TB: Toward the very end, around 3:40 I think, the drums stop, and then when they come back in, the kick drum sounds like it has some effect on it that they forgot to pull away.

AP: That's probably reverb. I noticed, playing it on headphones today, that the bass has got reverb on it, which is very unusual. That usually clouds up a mix, but you can hear that he does these slides and things, and they've put that into reverb, and that sort of casts them off.

I think it was the dying days of being interested in Dubbery for me. I went on and took some of this material and did the Takeaway album, and that, for me, satisfied my desire for Dub. "Okay, I don't need to muck about with Dub too much in the future." So, I guess this was the prow of the hill in my Dub fascination.

TB: Tell me about this deep bass note that comes in about halfway through the song. Where does that come from?

AP: Oh, that's Mr. MiniKorg! Our little Korg synthesizer would be put on a rack unit, to the left side of the mixing desk in the studio and be left there, and if anyone had a little idea that couldn't be done on guitar, bass or drums, it'd be, "Run to the Korg and try to explain what it is," you know? So that's where that deep, rumbling octave comes from.

TB: And then Dave manages to do that live as well, and uses the same keyboard, I presume, for the high keyboard parts?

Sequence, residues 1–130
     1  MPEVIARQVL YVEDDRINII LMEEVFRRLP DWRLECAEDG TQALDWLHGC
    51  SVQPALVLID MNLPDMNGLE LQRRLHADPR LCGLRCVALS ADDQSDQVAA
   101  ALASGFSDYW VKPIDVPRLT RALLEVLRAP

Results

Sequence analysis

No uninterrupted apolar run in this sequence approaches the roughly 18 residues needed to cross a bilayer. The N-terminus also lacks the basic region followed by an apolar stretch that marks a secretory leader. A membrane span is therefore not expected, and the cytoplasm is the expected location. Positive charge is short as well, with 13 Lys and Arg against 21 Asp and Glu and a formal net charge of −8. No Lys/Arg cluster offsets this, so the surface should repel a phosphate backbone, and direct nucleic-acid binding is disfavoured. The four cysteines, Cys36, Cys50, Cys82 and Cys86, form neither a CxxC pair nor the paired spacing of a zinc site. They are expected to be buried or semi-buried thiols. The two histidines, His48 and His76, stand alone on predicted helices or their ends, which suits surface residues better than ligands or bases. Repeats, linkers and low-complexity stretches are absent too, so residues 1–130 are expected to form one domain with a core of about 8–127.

AP: Yes, to do those little, kind of whistling parts. Those little, pernickety parts that sound like a Sputnik swearing or something. [laughs] A bad-tempered Sputnik.

TB: The stereo separation on the album version is quite severe.

AP: I'm on the left in your headphones, and Dave's on the right. I also think there's a bit of slapback on Dave's guitar, which casts him across the stereo image as well.

TB: With the drums, the hi-hat is only in the right channel, it seems.

AP: It's far right, isn't it! I noticed that, and thought it was unusual. Those were the days where I didn't pay that much attention to the mixing and all that. The fascination with being in the studio grew more and more as the years went on. Now, I think, "Whoa, that's a radical move, putting that hi-hat right so far right."

I've got a note here that says I could very much hear the XTC of Barry Andrews playing this song.

TB: Yeah, I can see that.

AP: And I think maybe I might have even had that in my head -- it may have even been put together before Barry left.